Minimum RRIF (Registered Retirement Income Fund) withdrawals should be reduced to at least their pre-1992 amounts.
Prior to 1992, the minimum RRIF payments were significantly less than they are today. At that time, the minimum withdrawal amounts were calculated using a pre-defined formula of 1/(90-Age). If you were a 72-year-old withdrawing funds from their RRIF, the minimum withdrawal amount would have been 5.55 per cent of the total value (1/18).
Today that same 72-year-old has a minimum withdrawal requirement of 7.48 per cent (an increase of approximately 35 per cent).This effectively forces seniors to take out more than their RRIFs are able to generate on their investments. In 1992, government of Canada bonds were paying 8.5 per cent interest, today those same duration bonds are paying less than 3 per cent.
A large number of retirees have RRIF portfolios that are heavily comprised of bonds based on their belief that these are the safest investments. While I may not agree with that statement, I can’t argue with the fact that many of these retirees are now being forced to encroach on the principal of their RRIFs since the yields are so low.
Some of you reading this may be thinking, “so what’s the problem?” Well, here’s the problem: say you’re 72 years old and you only need 6 per cent from your RRIF to maintain your lifestyle. Under the previous limits, you could take your 6 per cent and leave the rest within the account to accumulate. Under the new limits, you’re forced to take more money than you require. This results in more taxes payable today and less money in the future.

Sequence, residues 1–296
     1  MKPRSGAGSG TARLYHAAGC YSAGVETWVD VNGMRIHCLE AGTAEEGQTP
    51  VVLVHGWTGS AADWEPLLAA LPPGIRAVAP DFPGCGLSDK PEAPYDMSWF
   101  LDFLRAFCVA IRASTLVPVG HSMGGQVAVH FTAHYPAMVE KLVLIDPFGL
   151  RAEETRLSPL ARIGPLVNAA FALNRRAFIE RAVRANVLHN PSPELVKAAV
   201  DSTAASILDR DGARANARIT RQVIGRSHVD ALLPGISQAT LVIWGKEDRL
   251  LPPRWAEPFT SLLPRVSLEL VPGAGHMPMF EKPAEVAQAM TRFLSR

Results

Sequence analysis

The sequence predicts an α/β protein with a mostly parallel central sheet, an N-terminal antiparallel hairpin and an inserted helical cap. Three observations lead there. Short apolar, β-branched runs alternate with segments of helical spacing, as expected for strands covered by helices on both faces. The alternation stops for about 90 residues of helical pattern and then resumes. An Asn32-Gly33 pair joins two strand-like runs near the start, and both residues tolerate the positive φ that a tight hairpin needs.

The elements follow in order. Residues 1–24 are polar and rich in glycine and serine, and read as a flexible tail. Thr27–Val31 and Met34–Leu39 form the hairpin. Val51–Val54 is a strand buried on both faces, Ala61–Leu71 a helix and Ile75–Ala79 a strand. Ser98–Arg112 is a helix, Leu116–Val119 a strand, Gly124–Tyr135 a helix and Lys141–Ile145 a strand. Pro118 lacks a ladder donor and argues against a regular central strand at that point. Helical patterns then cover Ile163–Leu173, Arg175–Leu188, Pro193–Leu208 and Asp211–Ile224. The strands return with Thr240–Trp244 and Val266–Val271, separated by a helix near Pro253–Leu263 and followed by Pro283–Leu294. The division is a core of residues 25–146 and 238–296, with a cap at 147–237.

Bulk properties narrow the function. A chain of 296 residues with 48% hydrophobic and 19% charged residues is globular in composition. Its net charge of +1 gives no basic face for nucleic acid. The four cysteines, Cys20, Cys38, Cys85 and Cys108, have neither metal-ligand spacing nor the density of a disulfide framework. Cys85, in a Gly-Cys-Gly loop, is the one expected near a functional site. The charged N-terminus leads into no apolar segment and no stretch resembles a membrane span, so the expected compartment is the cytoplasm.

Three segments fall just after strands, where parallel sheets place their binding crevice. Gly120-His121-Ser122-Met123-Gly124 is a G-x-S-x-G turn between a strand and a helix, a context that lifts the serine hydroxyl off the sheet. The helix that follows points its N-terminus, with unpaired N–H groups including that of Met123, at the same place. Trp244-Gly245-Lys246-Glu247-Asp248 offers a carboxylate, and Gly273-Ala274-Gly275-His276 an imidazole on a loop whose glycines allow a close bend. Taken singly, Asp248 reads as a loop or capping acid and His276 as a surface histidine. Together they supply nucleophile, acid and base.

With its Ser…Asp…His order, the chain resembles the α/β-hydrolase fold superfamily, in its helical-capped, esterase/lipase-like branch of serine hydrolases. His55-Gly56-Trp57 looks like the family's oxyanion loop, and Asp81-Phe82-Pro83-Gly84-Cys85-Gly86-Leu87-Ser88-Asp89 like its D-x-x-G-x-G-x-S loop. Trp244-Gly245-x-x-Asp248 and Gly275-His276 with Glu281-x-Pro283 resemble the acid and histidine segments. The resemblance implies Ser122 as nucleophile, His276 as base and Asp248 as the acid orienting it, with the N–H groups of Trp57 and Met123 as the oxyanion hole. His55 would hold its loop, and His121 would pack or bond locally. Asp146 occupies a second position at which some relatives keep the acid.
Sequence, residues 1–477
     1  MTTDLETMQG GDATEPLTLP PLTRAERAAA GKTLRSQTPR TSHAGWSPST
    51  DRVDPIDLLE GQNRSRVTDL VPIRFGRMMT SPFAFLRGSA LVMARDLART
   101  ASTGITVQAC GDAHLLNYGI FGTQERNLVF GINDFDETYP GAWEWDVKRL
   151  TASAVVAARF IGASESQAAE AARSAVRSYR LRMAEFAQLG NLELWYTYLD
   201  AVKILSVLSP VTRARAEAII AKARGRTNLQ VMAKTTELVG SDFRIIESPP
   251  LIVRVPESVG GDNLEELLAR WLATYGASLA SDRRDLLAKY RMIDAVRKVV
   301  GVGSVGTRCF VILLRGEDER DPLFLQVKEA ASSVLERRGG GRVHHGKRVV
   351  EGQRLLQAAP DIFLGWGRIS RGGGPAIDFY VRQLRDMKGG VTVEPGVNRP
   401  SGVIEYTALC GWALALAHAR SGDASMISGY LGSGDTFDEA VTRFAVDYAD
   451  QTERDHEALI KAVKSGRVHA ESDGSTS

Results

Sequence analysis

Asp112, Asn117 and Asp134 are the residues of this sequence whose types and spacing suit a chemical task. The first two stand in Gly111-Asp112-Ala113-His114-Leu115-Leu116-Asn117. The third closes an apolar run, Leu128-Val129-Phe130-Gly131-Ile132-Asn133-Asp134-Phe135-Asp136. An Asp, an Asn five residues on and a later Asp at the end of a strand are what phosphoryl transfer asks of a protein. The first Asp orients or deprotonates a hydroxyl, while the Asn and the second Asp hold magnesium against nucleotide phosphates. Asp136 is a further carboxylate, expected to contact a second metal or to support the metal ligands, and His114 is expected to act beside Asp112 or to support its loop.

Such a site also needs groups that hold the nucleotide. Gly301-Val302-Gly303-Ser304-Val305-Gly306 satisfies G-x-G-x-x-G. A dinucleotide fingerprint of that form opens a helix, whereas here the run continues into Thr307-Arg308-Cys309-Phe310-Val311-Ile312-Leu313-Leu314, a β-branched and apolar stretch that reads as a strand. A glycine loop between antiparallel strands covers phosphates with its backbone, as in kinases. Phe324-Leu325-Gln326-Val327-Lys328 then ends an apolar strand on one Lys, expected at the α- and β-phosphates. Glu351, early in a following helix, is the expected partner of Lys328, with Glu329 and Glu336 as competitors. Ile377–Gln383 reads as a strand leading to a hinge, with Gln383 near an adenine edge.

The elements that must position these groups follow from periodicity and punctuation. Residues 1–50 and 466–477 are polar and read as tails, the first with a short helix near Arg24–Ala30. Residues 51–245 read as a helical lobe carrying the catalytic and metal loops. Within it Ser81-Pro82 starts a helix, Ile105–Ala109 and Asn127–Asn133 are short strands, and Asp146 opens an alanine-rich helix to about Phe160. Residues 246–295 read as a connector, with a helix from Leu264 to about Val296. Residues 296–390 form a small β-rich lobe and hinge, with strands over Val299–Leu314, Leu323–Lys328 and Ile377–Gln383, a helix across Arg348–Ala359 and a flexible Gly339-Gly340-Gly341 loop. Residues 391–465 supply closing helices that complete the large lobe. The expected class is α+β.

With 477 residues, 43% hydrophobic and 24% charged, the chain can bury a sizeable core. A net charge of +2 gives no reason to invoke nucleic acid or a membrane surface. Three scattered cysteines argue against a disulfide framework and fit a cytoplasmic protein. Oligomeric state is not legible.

You may think that having more money than you need is a nice problem to have, but the amount of money isn’t the main issue here. Consider this: if a retiree were allowed to leave their money in their RRIF until later in life, they could potentially use the money to cover increased health care costs or other unforeseen expenses (not as part of a required withdrawal).
It’s obvious that the 1992 changes to RRIF withdrawals were put in place so the government can get their taxes earlier; however, as with a number of government initiatives, there are unintended consequences.
Life expectancy is still increasing, and people have to be prepared to make their retirement savings last longer. Unfortunately, these higher withdrawal requirements are forcing more and more people to run out of money later in life. What the government should be doing is reducing the minimum withdrawal limits. It makes no sense to me that you should be forced to take 20 per cent out of your RRIF when you’re 90 years old simply because of your age. Everyone knows that there are more and more centurions every year.
When you think about it, what would be wrong with letting people leave their money in their RRIFs until they need it? If they don’t need it, they can leave it in until death. These accounts will roll over to their spouse on a tax-deferred basis, but on the second death it’s fully taxable. The tax owing on the eventual estate would probably result in more tax revenue for the government because it’s all added to the deceased’s income in the year of death.
If the government doesn’t like the idea of removing withdrawal minimums, they should at least peg minimum RRIF withdrawals to current government bond yields. Forcing someone at age 72 to take out 7.48 per cent when they’re only earning 2.5 per cent is simply not fair. If a retiree depletes their RRIF account, it ultimately falls on the government to assist in their well-being through GIS, OAS, and other social benefits, which will cost more in the long run. I think it’s time for the Canadian population to have some say in how they use their hard-earned retirement savings. Reduce the withdrawal requirements and everyone benefits.